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Wednesday, December 30, 2020

December 30, 2020: Year in Review: Economic Inequality

[I thought about skipping my annual year in review series—who really wants to have any more 2020 vision?!—but as I wrote this past weekend’s post, I realized that the year featured significant developments on a handful of central world issues. So this week I’ll AmericanStudy those, and I’d love to hear your thoughts and takeaways, on these and any other 2020 hindsights (and 2021 foresights)!]

On more and less frustrating cultural depictions of deep poverty, and what 2020 can remind us of.

As I draft this post in late November, one of the most prominent and controversial current cultural works is Hillbilly Elegy (2020), the Ron Howard-directed film adaptation (which like so many 2020 films went straight to streaming on Netflix) of J.D. Vance’s equally prominent and controversial 2016 memoir (subtitled A Memoir of a Family and Culture in Crisis). That hyperlinked Entertainment Weekly review is just one of many (if not, indeed, all) that have slammed the film, and some of those flaws sound specific to bad filmmaking; but I would also argue that they are not unrelated to the overhyped memoir’s own flaws, specifically in its stereotypical and ultimately profoundly prejudiced depictions of Appalachian culture and deep poverty in America. Although Vance was himself an insider to that culture, having grown up in Middletown, Ohio, it seemed to me—and, more importantly, to other Appalachian scholars and authors who have pushed back on his book’s representations—that his ultimate goal was to depict Appalachian Americans as the cause of their own late 20th and early 21st century struggles, and in the process to distinguish his rugged individualism as the cause of his escape from that culture and subsequent life success.

Not long before Hillbilly Elegy returned to the public eye, I finished teaching a very different cultural work: Stephen Crane’s short story “An Experiment in Misery” (1894). I said much of what I want to say about that unique and compelling story, and its complement “An Experiment in Luxury,” in this post on that America in the Gilded Age Honors Seminar course that I had the chance to teach again this semester. Here I’ll just say that Crane uses an outsider character—the unnamed young protagonist (of both stories) who opts to live for a time as a homeless person in an effort to better understand that world—in a way that, counterintuitively but to my mind unquestionably, allows for more empathy with his text’s disadvantaged characters (both inside the story and for its readers) than the insider Vance is ever able to muster. Perhaps because Crane’s is a work of fiction, he doesn’t try to diagnose the causes of those characters’ situations in the same way that Vance seeks to, but I would argue that’s part of the story’s strengths: Crane seems to see his characters not as social symptoms or part of a political debate but as human beings, and I would argue that’s a vital first step to any cultural depiction of deep poverty (and just about everything else).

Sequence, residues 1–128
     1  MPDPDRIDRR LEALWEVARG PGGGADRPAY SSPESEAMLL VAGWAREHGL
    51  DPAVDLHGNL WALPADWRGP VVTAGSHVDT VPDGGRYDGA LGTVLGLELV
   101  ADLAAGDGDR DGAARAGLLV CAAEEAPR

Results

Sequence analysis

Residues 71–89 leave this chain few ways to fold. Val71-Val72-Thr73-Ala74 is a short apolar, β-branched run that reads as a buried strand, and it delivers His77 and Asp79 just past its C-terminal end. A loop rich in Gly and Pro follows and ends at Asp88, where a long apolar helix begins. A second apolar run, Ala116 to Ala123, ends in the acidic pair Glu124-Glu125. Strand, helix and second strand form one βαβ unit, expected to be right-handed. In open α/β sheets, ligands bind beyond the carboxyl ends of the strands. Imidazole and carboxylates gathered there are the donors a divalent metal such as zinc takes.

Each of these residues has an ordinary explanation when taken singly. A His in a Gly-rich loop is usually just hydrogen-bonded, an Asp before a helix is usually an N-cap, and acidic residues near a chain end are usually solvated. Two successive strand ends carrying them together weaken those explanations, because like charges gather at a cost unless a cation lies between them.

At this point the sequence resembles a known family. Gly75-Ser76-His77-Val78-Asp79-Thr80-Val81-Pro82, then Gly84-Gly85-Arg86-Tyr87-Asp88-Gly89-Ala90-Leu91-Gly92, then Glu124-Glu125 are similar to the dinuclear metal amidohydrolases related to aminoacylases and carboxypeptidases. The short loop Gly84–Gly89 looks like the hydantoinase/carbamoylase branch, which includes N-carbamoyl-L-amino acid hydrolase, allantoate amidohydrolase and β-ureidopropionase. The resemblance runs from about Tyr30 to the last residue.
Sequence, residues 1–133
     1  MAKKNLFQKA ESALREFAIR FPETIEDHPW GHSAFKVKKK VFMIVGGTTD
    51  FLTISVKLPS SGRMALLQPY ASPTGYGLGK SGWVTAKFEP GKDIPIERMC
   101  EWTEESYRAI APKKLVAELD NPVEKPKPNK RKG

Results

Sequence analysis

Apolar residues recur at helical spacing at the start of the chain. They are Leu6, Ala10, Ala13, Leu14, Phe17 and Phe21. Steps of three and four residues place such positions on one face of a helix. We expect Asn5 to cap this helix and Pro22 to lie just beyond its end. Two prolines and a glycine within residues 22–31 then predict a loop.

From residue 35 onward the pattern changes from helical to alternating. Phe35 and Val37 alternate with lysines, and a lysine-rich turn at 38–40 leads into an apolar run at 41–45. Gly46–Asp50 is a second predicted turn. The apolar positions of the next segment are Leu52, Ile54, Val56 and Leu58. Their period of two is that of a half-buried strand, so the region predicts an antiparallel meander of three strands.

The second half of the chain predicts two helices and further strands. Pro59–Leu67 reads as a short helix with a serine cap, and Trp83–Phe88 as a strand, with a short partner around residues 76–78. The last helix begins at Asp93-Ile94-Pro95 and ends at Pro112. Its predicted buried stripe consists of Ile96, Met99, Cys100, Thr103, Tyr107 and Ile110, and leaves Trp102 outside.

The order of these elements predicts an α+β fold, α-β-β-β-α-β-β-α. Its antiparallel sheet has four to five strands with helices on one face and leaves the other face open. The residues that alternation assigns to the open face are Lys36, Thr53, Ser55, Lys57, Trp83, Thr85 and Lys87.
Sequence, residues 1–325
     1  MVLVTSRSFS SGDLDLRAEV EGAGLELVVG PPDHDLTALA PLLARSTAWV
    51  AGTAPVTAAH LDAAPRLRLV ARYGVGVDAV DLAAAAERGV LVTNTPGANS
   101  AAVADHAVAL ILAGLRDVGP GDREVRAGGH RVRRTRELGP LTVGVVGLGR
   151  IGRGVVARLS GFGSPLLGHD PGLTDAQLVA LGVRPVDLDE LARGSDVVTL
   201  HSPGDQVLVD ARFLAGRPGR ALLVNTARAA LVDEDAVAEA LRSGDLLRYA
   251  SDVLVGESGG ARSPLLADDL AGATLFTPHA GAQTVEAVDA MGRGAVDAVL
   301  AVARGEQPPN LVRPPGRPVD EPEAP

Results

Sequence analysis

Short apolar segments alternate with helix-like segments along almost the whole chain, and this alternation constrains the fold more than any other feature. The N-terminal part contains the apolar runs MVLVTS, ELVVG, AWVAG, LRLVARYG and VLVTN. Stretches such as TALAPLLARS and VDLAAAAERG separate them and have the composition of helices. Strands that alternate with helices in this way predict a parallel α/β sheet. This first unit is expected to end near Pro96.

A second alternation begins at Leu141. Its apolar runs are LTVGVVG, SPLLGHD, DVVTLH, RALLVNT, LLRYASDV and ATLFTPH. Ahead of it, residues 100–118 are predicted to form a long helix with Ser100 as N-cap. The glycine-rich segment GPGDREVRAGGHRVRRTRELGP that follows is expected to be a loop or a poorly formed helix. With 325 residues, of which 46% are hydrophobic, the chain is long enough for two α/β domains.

Despite those differences (which, to be clear, make Crane’s story far more worth your time than Vance’s book), however, both texts do depict their disadvantaged characters as “others”—other to both the young man (despite his experiment) and the reader in Crane’s story, other to both Vance (despite his childhood) and the reader in Hillbilly. Whereas one of the most central lessons of 2020 would have to be to remind us of an easily forgotten and never more salient idea: “there but for the grace of God [or, for those of us who don’t believe, but for blind luck] go I.” It’s long been a frustrating reality of American life that far too many Americans are just one significant crisis—whether a medical issue, the loss of a job, or otherwise—away from reaching desperate straits, including such effects as eviction/foreclosure and homelessness. And this year has seen a veritable epidemic (and I use that term as purposefully as possible) of such crises, reminding us that homelessness, deep poverty, and other systemic issues of economic inequality do not threaten some Americans—they threaten a significant percentage, if not indeed most, of us.

Next 2020 vision tomorrow,


PS. What do you think? Other 2020 reflections you’d share?

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